Not Just Fridays: More Companies Embrace Casual Dress Codes

Many employers are introducing more flexible dress codes and the trend may be tied to the rise of younger workers.
Many employers are introducing more flexible dress codes and the trend may be tied to the rise of younger workers.
Klaus Vedfelt/Getty Images

Goodbye suits and A-line skirts. Hello polo shirts, khakis and even bluejeans.

More companies are beginning to move to a more casual dress culture — and not just on Fridays.

This week, Wall Street titan Goldman Sachs announced it's relaxing its dress code. In an attempt to shift toward a workplace that has "a more casual environment," the company said its new policy would allow for more "flexible" attire, according to an internal note issued Tuesday.

"Goldman Sachs has a broad and diverse client base around the world, and we want all of our clients to feel comfortable with and confident in our team, so please dress in a manner that is consistent with your clients' expectations," the memo said.

The firm doesn't specify what's allowed, but the memo says "casual dress is not appropriate every day and for every interaction. ... All of us know what is and is not appropriate for the workplace."

The move may not be surprising, given that companies like Goldman Sachs are competing for talented workers with Google, Facebook and other firms in Silicon Valley, the home of hoodies and other forms of casual clothing.

The investment bank isn't the only company making changes.

Just last week, Virgin Atlantic also relaxed its dress code. The company confirmed that it is no longer forcing female flight attendants to wear makeup. And they can now wear pants. Previously, female flight attendants could only wear pants if they made a special request.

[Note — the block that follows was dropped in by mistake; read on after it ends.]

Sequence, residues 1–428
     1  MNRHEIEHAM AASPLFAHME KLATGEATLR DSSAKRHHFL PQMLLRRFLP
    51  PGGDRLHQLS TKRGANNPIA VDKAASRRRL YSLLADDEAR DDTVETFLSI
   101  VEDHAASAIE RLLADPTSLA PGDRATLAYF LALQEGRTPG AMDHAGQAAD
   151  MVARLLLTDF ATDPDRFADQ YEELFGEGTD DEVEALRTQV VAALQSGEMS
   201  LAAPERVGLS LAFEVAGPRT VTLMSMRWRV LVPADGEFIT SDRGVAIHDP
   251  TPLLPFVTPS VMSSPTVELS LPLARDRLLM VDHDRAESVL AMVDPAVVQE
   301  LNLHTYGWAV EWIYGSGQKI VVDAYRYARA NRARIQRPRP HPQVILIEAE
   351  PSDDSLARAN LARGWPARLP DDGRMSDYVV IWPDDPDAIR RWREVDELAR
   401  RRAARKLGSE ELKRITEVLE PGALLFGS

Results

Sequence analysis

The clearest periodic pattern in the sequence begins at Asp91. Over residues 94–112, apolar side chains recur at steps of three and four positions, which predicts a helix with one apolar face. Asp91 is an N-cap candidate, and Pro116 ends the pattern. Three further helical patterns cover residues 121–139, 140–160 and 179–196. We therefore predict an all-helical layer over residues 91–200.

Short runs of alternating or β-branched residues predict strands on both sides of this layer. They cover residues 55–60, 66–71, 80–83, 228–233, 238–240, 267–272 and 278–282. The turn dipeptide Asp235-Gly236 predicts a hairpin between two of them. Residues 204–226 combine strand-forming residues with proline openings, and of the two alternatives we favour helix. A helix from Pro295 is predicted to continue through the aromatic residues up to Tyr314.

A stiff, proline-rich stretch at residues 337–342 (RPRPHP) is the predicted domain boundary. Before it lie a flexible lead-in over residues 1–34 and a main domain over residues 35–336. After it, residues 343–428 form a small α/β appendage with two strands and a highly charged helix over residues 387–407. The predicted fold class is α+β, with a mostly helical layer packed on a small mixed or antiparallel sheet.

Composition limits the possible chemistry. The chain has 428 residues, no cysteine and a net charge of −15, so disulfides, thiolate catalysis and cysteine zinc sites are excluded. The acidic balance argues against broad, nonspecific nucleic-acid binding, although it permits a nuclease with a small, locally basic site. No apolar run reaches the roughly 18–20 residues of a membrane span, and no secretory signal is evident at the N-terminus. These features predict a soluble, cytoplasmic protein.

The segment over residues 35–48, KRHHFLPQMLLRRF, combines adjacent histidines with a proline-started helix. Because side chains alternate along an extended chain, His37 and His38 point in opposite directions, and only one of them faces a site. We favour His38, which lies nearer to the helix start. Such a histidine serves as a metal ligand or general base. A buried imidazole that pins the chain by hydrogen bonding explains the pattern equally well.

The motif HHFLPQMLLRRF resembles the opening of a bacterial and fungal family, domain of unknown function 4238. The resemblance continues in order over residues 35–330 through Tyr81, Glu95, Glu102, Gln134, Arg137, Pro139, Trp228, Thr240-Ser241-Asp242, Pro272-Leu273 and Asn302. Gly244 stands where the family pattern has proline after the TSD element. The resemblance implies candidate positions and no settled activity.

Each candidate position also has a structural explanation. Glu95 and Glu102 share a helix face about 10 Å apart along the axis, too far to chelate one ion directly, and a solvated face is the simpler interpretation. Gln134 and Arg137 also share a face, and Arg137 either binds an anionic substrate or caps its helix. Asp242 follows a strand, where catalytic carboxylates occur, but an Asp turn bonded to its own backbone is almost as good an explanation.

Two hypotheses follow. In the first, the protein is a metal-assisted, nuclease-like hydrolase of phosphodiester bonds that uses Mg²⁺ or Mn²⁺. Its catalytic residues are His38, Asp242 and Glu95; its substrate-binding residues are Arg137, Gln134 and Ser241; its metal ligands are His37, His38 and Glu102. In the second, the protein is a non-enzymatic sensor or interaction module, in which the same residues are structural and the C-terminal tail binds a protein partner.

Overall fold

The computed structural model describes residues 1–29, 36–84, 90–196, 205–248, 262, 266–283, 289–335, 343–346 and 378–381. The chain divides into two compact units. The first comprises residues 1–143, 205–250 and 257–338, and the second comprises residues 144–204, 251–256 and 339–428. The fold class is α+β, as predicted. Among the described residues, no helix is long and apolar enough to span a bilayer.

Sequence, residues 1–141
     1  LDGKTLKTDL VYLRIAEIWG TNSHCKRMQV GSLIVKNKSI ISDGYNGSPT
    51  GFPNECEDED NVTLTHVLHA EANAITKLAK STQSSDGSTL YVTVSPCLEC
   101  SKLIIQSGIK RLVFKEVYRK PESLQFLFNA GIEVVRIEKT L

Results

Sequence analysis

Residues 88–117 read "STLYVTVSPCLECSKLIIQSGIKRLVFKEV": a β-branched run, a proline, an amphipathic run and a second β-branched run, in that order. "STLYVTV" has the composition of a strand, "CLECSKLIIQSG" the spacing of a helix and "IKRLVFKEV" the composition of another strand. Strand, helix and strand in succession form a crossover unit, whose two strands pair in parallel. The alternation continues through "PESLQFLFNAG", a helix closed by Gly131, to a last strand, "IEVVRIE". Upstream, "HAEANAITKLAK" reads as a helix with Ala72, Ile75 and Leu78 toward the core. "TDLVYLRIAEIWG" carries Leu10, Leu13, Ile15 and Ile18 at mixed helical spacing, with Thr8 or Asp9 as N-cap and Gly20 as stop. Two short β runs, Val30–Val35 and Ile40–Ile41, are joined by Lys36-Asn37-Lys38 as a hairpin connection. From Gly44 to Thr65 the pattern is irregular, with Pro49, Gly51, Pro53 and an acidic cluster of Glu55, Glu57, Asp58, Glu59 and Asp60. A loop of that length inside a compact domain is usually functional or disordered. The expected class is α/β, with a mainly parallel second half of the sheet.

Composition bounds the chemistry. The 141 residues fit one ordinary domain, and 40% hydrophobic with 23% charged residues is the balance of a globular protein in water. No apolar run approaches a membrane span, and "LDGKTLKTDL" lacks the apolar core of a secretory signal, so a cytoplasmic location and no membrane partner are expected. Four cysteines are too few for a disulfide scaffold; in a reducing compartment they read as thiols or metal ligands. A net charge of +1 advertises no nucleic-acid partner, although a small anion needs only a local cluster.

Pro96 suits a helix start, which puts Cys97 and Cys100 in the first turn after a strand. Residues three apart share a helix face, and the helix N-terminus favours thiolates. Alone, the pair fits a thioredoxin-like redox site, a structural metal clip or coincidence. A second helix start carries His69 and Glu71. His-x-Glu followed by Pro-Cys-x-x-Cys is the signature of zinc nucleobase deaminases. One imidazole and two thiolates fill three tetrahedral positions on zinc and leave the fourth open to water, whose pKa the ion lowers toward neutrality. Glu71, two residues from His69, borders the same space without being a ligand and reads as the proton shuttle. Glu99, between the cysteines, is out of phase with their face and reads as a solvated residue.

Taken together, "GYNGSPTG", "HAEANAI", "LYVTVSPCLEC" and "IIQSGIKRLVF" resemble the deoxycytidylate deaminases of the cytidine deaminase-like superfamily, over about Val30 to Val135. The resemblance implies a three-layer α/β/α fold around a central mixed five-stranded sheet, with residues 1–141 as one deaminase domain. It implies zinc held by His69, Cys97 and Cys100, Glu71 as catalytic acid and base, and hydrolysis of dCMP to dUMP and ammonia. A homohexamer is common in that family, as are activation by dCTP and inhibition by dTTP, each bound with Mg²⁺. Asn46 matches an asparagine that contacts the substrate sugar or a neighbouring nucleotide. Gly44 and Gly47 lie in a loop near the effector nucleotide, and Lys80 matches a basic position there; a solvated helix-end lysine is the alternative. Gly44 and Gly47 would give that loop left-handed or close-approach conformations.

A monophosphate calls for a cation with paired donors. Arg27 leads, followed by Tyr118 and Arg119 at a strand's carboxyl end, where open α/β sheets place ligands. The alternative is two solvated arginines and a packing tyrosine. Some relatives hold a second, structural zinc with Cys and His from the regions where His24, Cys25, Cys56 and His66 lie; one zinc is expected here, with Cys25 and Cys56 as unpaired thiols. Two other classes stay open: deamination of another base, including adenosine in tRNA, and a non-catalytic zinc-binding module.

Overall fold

The shift could be seen as a way to address scrutiny for how female employees are treated in the #MeToo era.

Mark Anderson, Virgin Atlantic's executive vice president of customer, said the changes followed a company survey of employee preferences. The dress code changes will give female flight attendants "an increased level of comfort" and "more choice" for them to express individuality, he said.

Last month, Target also made changes to its dress code, allowing employees to wear bluejeans. While the company has allowed jeans on holidays and weekends, now all employees are welcome to wear them any day they work.

More companies are shifting toward a less formal dress code, according to the Society for Human Resource Management. As many as half of firms surveyed by the group said they allow casual dress every day. That's up six percentage points from 2017 and 18 percentage points since 2014.

And with more young people entering the workforce, workplace habits are continuing to evolve to fit the culture of younger generations who prefer more casual attire. Generation Z and millennials make up 40 percent percent of the workforce, according to the Pew Research Center.

Jamie Notter, a workplace culture expert, says the casual dress code trend has been around since millennials entered the workforce 10 to 15 years ago. It reflects companies' increased focus "on employees rather than management," he says.

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